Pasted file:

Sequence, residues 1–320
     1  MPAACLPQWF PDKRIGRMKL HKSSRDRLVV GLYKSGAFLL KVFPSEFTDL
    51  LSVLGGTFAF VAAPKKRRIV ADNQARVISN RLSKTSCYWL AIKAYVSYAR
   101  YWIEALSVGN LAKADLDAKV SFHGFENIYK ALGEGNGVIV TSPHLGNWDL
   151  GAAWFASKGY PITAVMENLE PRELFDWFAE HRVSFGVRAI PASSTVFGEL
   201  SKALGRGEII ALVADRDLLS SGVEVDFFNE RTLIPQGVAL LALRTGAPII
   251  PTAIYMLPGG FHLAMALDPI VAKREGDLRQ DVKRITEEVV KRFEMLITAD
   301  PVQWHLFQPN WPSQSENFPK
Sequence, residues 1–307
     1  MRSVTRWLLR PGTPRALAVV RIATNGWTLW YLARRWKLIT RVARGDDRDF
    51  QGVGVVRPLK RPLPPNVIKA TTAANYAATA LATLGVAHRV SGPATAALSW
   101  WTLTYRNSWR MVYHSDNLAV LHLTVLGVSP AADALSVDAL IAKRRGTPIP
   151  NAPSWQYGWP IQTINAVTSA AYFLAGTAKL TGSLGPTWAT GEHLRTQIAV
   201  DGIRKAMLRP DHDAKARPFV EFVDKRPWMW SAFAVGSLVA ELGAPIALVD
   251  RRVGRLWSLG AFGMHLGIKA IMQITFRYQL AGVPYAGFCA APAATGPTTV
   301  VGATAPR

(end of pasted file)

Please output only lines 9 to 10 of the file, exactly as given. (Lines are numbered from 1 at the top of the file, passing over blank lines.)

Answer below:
Sequence, residues 1–307
     1  MRSVTRWLLR PGTPRALAVV RIATNGWTLW YLARRWKLIT RVARGDDRDF